On a pleasantly cool Saturday morning in September, 54 people came together in the fellowship hall at Comer United Methodist Church to meet their neighbors and share stories about immigration.
With hot coffee, and plates of fresh chocolate croissants from the Comerian Bakery, cookies provided by church members and homemade sticky rice provided by Karen neighbors, participants sat at round tables to meet their neighbors and talk about how their families came to this country. Some people’s families had been in the U.S. for generations while others had been there for less than a decade, but everyone had a story to tell.
This was the second Community Conversation hosted this year by the Comer New Neighbor’s Network. Since 2017, Jennifer Drago-Smith has been operating the New Neighbor’s Network, a small non-profit in Comer that provides support for dozens of families living in and around Comer who arrived in this country as refugees. There are so many things that are challenging when adjusting to life in a new country like accessing education and medical services, understanding laws, and navigating the process of becoming a U.S. citizen. It is particularly challenging for families with children who have physical and developmental disabilities. With support from a grant from the Georgia Council on Disabilities, the New Neighbor's Network hosted welcoming dialogues in August and September to help neighbors get to know one another better and to think about how disability intersects with all aspects of life, including immigration and citizenship.
After a period of guided conversation and sharing within groups of four or five people, the group focused their attention on the keynote speaker, a Comer neighbor named Naw Chee. More than 20 years ago, Naw Chee’s family had to hide in the jungle when their Karen village in Myanmar was attacked by Burmese soldiers. Her sister, Naw Wah, was a healthy seven-month-old baby, but she contracted malaria and had a high fever and seizures. Without proper medical care, she suffered permanent developmental disabilities. Naw Chee spoke to the gathering about the multiple medical visits and challenges that her family has had to overcome first in a Thai refugee camp and now in the U.S. She expressed how thankful they are to have access to hospitals and medicine in the United States that make their life a little brighter. Drago-Smith explained how The New Neighbor’s Network helped Naw Chee to become a new citizen and then go through the lengthy process in applying on behalf of her sister so that Naw Wah could also become a U.S. citizen.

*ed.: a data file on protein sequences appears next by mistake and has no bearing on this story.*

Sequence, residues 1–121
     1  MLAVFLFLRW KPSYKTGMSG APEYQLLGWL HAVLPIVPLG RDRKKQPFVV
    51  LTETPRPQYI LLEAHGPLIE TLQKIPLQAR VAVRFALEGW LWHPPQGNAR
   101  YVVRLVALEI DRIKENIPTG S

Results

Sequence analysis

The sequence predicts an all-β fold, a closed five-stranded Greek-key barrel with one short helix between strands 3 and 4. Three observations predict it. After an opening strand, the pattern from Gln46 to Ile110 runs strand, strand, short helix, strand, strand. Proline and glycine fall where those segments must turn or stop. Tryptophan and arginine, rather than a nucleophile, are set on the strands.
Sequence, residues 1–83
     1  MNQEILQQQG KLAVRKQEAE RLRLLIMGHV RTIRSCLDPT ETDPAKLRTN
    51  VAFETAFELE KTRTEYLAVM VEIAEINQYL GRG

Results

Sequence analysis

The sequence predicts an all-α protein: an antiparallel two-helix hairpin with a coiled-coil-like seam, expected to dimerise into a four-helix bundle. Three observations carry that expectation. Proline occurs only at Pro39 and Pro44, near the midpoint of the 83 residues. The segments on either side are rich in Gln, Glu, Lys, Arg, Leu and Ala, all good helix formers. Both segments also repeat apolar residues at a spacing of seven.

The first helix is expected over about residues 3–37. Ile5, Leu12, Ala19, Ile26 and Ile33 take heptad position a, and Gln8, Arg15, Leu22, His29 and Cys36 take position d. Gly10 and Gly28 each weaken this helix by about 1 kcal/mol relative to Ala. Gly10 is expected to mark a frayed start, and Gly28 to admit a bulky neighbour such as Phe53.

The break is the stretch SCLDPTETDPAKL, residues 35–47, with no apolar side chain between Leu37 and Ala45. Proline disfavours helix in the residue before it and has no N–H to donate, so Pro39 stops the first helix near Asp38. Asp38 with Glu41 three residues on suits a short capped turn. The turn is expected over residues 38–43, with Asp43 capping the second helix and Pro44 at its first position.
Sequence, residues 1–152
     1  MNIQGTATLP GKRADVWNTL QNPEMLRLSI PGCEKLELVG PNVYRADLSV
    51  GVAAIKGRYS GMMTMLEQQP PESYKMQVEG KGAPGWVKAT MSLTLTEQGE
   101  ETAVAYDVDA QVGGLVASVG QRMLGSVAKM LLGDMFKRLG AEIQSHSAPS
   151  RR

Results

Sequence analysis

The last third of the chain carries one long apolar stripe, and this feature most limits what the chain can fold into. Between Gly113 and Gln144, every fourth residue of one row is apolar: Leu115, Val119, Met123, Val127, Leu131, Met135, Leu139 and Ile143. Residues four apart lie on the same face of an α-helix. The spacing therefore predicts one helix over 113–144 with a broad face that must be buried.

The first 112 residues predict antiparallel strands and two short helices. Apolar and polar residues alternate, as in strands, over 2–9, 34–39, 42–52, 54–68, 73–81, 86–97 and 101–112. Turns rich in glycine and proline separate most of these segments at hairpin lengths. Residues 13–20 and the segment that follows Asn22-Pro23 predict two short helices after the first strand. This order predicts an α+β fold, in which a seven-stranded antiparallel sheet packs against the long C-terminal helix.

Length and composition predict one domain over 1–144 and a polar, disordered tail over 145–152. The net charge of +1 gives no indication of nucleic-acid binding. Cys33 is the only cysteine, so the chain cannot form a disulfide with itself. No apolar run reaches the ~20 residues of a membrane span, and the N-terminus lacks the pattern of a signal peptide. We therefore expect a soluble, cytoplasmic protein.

Joe Gunby, the pastor of Comer and Colbert Methodist churches, said he was glad the Comer church had the space to host this event.
“It was so good to see so many people in one place in Comer,” he said. “There were folks that had similar experiences to my own, who were born and raised in the South, as well as people with such different experiences than my own, who were born in refugee camps and, of course, it helps that the food was really good.”
More importantly, he saw it as an opportunity to partner with a local organization doing important work in the community.
“The church is here for the life of the world and that means paying attention to our neighbors and asking, ‘How can we serve you?’”
Organizers say it may seem overly simple to host conversations, but it is in conversations that people get to know people they might not normally interact with and learn what they need, what they have to share and what they have in common. The event closed with a brainstorming session about more ways to bring people together. People offered suggestions for community cultural celebrations, conversations about work, food, gardening and skill sharing. The New Neighbor’s Network is applying for another mini grant to for more community gatherings and they are open to suggested topics, times and locations.
On Oct. 24, the New Neighbors Network will bring a small delegation of Comer neighbors to meet other non-profits and organizations from across the state who are hosting similar conversations in their communities. The Welcoming Dialogues summit will be from 10-5 pm at the Clarkston Community Center in Clarkston. Registration is free and open to the public and transportation to and from Comer will be provided. Email the NewNeighborsNetwork@gmail.com if you are interested in attending the Welcoming Dialogues Summit in Clarkston, or if you would like to offer suggestions for future dialogues in Madison County.